First United Methodist Church in Omaha is working to develop city housing policies that support racial equity. Their partners include the North Omaha Neighborhood Alliance, Omaha Together One Community, and Claire United Methodist Church.
Strong race relations requires a commitment to engage in sacred conversations so that civil rights can become a reality for the next generation. To empower the residents of North Omaha to improve their quality of life, they begin by get acquainted. They meet in one-on-one conversations with individuals and house meetings with neighbors to build trusting relationships with residents in North Omaha.
Together, they hope to influence the city council to change specific housing policies that are perpetuating poverty in North Omaha. They encourage members and other supporters of this initiative to live their faith in mission and service fueled with the spirit of God’s love. “We have a diversity of ways that we work to make the world a better place,” their website on ministries of mercy and justice says.
The congregation’s efforts are being supported with a $34,575 grant from the General Commission on Religion and Race. The Iowa Conference contributes gifts from United Methodist churches throughout the state to support these efforts through our General Church apportionments.
Okitakoyi “Michel” Lundula, the pastor of the United Methodist Church of Le Mars, is originally from the Democratic Republic of Congo. He has served three other churches in Iowa communities, including Nashua, Ionia and Dubuque. His passion for ministry is “to proclaim Christ to all God’s people, meet people in their context of life, celebrate with those who celebrate and cry with those who cry.”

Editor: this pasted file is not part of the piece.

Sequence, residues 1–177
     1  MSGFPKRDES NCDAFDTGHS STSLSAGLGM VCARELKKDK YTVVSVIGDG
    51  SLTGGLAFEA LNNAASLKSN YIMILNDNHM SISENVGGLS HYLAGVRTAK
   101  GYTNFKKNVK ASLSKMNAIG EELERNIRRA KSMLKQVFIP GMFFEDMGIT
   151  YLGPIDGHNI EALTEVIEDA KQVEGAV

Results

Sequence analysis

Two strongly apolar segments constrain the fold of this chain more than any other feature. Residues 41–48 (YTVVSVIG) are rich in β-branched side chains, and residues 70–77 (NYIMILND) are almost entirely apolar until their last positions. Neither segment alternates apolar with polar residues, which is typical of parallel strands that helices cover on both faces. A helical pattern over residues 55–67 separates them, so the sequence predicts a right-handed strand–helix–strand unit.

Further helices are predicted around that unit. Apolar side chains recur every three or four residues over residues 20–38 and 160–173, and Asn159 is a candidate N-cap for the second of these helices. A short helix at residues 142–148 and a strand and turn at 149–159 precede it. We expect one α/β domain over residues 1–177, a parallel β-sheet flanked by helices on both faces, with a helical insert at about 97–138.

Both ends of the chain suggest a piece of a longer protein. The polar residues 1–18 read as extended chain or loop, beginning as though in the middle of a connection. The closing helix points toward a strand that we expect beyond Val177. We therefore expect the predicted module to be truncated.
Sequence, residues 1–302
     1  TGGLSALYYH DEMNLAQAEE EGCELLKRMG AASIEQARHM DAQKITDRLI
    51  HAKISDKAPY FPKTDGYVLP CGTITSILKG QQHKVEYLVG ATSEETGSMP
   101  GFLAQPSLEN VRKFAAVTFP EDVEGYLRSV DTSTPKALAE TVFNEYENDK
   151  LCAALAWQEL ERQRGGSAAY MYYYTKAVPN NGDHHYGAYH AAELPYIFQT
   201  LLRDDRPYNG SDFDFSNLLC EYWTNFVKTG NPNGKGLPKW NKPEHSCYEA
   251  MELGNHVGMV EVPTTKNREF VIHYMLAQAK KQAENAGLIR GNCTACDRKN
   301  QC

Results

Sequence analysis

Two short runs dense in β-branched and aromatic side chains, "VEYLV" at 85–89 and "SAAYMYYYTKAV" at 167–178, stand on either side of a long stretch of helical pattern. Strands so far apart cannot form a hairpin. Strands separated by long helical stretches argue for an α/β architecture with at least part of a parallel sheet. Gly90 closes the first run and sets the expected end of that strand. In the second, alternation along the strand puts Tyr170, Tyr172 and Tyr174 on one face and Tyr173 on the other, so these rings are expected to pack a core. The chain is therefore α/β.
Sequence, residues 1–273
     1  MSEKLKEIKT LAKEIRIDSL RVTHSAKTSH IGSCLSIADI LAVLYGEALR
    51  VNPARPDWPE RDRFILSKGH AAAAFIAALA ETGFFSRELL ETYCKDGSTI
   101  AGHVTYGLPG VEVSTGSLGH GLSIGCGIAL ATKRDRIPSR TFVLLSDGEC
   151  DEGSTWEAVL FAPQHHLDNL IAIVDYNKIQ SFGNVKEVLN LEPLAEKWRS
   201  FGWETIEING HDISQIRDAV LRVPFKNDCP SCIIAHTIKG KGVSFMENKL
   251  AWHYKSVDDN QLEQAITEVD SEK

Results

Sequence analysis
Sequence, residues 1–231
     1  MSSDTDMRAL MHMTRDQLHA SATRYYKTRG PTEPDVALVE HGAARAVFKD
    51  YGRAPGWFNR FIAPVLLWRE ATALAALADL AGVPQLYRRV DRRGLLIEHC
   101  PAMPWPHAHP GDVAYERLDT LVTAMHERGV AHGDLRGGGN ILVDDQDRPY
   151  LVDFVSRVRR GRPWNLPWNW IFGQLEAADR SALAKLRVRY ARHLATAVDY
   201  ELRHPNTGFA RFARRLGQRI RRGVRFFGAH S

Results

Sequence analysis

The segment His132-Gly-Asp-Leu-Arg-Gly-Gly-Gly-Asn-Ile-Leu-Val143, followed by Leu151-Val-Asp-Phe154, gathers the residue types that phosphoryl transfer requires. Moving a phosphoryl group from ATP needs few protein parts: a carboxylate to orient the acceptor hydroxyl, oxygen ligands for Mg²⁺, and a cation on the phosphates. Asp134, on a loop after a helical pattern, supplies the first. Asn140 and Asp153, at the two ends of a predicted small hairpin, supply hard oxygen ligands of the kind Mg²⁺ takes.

Before completing his Master of Divinity and Doctor of Ministry degrees at Garrett-Evangelical Theological Seminary in Evanston, Illinois, he received a Bachelor of Science degree in Agriculture and Natural Resources from Africa University in Mutare, Zimbabwe.
The United Methodist churches of the Iowa Conference are supporting Africa University in 2018 with a $38,195 general church apportionment gift. This helps the university pursue its mission “to provide quality education within a Pan-African context through which persons can acquire general and professional knowledge and skills, grow in spiritual maturity, develop sound moral values, ethics and leadership qualities.”
Another Iowa connection to Africa University is Larry Kies, a United Methodist missionary supported by many of our churches, who is serving as technical advisor to the Africa University Farm. The farm operation recently made news with an upgraded water system that minimizes water loses from irregular and inefficient methods of irrigation.
“If you have something new you want to try,” says Pam Kranzler, the pastor at the Wapello United Methodist Church, “find two or three other people and let’s talk.”
The church has been cultivating a spirit of ministry experimentation since their involvement in a Healthy Church Initiative study group in 2014. During that time, they learned about a community meal that the neighboring Letts United Methodist Church had started. The Wapello church had recently built a new social hall that was ideal for starting a similar ministry. Now several other groups in town participate as hosts and sponsors of the monthly meals.
Soul Sisters is another example of this spirit of experimentation. A group of working women began meeting out of a need for fellowship. They couldn’t meet during the day with other groups, said Crystal Wiley, so they started meeting on Monday evenings for about an hour to “chat about life.”
The group’s ministry to each other has grown to include a shared devotional life together and community service projects. This experiment in ministry has blossomed. “We’ve become a tight-knit group,” said Katie Walker.
The Iowa Conference is investing $70,000 in the Healthy Church Initiative in 2018. These funds are made possible from the apportionment gifts of United Methodist churches across the state.